Food is a good gift, though giving it can be tricky, as — due to societal norms — most people are already getting absolutely bombarded with cookies and candy this time of year. Luckily, those aren’t your only options. There are plenty of edible delights you can bestow upon your loved ones that fall outside the realm of the confectionary, and I have taken the opportunity to round up a few of my favourites.
A large amount of their favourite mundane food
Everyone has at least one pedestrian condiment, seasoning, or consumable sundry that they burn through at an alarming rate. I have two — Diet Coke and Maldon salt. For my significant other, it’s ketchup. As I’ve mentioned previously, identifying and then purchasing an obscene amount of someone’s favourite mundane food item makes for a fantastic gift:
The food or beverage doesn’t have to be fancy — in fact, it’s much more effective if it’s not. The cheaper and more common the food, the more you can buy of it, and the more visually impressive your gift will be. My friend Dan — you know Dan — bought a college girlfriend a Costco-sized amount of instant ramen, and she was thrilled by the veritable wall of noodles. (Besides your local restaurant supply store, Costco is the best place to purchase this type of gift.)
I have given my boyfriend a large amount of ketchup several times now, and he is always — without fail — absolutely delighted by it. (Is it a little lazy? Sure, but there’s nothing wrong with buying someone a lot of something you know they love.)
I will never stop recommending fancy flake salt as a gift. Nearly everyone has salt in their kitchen (usually table salt), but few have finishing salt, which is often overlooked as a frivolity. But it’s not. Those crunchy little sodium chloride pyramids are important, dang it. They provide flavour and texture, and just a pinch can make a dish feel special, and finished (hence the name “finishing salt”). Maldon and Jacobsen are both great, but Maldon is about half the price. (You can also transform Kosher salt into beautiful flakes in your Instant Pot, if you want to DIY it.)
Delicious lemon curd (that you can make in the microwave)
Curds are technically custards and, though they are pretty chill as far as custards go, they require fairly precise temperature control. Luckily, A.A. Newton has figured out how to exert that control with the humble microwave, and the result is a perfectly tart and sweet curd that anyone can whip up in mere minutes. It’s good on cake and ice cream, but no one would fault you (or those you gift it to) for eating it with a spoon.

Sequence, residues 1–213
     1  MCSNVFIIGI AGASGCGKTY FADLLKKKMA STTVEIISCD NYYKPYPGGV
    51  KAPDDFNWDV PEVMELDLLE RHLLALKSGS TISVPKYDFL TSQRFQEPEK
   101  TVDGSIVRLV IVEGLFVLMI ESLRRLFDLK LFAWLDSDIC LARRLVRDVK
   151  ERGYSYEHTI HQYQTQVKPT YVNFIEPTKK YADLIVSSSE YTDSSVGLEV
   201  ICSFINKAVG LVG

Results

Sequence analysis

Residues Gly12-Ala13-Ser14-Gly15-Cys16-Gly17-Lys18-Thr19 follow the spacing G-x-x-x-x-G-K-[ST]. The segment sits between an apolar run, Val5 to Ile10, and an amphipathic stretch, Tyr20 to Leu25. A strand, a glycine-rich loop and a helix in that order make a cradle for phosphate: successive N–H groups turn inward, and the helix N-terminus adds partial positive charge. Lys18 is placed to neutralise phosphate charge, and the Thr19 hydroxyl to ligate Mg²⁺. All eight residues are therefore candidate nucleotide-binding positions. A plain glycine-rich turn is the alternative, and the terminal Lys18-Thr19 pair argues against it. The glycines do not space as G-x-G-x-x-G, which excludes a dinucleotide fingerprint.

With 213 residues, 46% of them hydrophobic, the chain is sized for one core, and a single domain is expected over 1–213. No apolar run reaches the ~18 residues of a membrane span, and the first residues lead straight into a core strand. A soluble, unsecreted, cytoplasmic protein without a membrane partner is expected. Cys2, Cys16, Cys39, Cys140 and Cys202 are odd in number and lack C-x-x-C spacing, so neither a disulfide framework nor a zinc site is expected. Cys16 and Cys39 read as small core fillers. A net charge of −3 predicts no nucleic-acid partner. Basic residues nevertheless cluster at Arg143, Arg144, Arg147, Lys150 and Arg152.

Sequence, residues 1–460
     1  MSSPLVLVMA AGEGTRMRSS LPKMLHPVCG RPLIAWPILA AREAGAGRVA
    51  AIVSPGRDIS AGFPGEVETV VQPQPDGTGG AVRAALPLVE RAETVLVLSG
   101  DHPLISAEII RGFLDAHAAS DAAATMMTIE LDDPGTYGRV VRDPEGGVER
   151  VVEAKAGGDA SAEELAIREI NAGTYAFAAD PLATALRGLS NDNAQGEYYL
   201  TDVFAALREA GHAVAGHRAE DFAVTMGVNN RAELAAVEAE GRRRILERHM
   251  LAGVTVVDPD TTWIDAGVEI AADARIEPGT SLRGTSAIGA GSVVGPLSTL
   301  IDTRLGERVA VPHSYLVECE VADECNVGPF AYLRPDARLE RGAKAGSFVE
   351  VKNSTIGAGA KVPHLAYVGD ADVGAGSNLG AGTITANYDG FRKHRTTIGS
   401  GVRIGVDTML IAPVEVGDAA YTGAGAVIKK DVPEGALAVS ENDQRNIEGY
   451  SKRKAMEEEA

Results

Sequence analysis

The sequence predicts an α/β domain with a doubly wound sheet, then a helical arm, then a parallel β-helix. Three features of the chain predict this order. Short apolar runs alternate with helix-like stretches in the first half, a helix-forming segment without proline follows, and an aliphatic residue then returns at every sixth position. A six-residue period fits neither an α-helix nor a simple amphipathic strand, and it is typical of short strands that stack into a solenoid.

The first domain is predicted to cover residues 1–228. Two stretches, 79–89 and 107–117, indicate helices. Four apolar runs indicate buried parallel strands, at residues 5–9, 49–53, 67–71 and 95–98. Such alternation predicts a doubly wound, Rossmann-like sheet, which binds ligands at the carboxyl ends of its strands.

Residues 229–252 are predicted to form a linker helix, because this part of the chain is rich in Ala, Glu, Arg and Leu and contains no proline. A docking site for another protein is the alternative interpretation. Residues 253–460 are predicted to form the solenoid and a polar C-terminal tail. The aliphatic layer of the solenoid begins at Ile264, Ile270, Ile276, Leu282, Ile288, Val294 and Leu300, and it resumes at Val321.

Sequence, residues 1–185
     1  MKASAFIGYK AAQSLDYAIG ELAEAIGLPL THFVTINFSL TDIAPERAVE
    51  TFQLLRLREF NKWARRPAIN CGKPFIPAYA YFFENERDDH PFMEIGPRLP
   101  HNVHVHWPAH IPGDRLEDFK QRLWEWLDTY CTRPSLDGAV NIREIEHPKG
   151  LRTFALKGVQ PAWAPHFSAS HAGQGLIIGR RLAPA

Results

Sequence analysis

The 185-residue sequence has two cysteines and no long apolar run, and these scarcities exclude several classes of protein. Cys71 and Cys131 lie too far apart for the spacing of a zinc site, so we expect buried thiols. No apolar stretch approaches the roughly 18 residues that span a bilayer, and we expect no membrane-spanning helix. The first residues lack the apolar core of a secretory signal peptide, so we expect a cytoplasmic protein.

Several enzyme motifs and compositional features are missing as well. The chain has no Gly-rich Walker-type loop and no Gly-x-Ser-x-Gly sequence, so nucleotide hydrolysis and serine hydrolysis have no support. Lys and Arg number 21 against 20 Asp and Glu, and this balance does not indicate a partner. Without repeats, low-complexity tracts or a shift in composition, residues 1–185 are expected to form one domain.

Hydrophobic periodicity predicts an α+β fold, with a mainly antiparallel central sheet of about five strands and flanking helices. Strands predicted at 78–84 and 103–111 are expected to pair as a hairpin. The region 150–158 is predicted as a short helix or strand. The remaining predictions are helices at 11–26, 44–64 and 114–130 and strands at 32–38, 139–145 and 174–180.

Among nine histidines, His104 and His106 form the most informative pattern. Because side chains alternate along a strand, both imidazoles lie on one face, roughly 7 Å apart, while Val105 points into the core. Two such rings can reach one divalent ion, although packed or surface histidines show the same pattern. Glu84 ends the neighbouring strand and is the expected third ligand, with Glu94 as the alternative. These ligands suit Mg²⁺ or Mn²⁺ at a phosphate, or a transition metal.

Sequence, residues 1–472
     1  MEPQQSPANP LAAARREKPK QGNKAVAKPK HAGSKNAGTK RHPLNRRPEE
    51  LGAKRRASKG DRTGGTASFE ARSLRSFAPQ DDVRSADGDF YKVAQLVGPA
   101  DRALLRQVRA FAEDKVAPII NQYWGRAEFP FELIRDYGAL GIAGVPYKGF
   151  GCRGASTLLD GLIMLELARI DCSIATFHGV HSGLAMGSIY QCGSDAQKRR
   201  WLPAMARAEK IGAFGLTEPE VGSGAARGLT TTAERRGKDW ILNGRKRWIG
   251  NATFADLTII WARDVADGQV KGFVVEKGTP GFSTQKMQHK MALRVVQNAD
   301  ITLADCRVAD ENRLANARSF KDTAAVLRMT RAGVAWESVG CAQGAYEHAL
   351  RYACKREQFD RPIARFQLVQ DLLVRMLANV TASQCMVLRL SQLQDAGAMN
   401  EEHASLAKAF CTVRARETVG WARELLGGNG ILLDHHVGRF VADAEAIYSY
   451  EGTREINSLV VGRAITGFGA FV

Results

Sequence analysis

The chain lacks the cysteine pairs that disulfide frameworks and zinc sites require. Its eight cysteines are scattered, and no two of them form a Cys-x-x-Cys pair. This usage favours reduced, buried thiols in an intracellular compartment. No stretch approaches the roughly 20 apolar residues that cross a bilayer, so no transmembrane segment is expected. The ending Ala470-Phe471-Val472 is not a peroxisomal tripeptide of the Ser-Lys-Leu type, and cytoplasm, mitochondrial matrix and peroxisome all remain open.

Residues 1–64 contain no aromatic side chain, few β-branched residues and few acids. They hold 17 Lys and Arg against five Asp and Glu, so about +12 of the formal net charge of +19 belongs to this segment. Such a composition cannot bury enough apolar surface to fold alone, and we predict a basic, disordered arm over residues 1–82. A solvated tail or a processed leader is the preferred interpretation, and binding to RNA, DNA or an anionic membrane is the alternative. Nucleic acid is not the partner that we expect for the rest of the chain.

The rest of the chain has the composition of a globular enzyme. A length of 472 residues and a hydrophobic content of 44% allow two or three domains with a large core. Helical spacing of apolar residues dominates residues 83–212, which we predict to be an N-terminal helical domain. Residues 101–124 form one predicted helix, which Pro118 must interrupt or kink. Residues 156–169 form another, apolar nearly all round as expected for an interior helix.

Homemade chilli oil
When you give someone homemade chilli oil, you are truly giving them the gift of flavour. Eggs, plain rice, dumplings, pizza, and even ice cream are all improved by a drizzle of this intensely aromatic and complex condiment. (Did I mention it’s also vegan?) A.A. Newton can walk you through the process here, but it’s really just a matter of pouring hot oil over toasted spices. It’s not hard. In fact, I’d call it “easy,” though you should take care when handling hot oil, obviously.
A festive candy cane syrup
Candy cane syrup is so easy to make, it almost feels like cheating, but the resulting syrup is so fun, so vibrant, and so pepperminty, you’ll be glad you took the time melt a handful of crushed candy canes into bright red syrup (and so will the people you give it to). It’s good in hot cocoa, good on ice cream, and good with bourbon. (And it’s just really pretty, which has to count for something.)
A bottle of bespoke Irish cream
I made a bottle of this stuff about two weeks ago, and I did not share a single drop with anyone else. Homemade Irish cream is so good, so creamy, and so worth the minimal amount of effort required on your part. Plus, if you make it yourself, you can switch out the Irish whiskey for bourbon (and make Kentucky cream) or use any other spirit of your choosing, and you can play around with extracts (I’m adding almond to my next batch) for a truly bespoke dessert liqueur. (Need cocktail ideas? It’s absolutely bangin’ with Fernet.)
A bottle of their favourite cocktail
People who love drinking cocktails do not necessarily love making cocktails, but they would (most likely) love to receive a pre-mixed bottle of their favourite libation, if not several jars of several different libations. If you go the jarred, single cocktail route, all you have to do is mix the beverage (over ice), strain it into a jar, close the jar, and pop it in the freezer until you’re ready to gift it. If you want to give a whole bottle of one cocktail, check out our guide on how to do so — and keep in mind that all-booze cocktails (like the Negroni or Manhattan) work best for batching. The American Trilogy (a delicious rye cocktail) batches very well, and we just happen to have a video that shows you how to make it (and it’s right above this paragraph).
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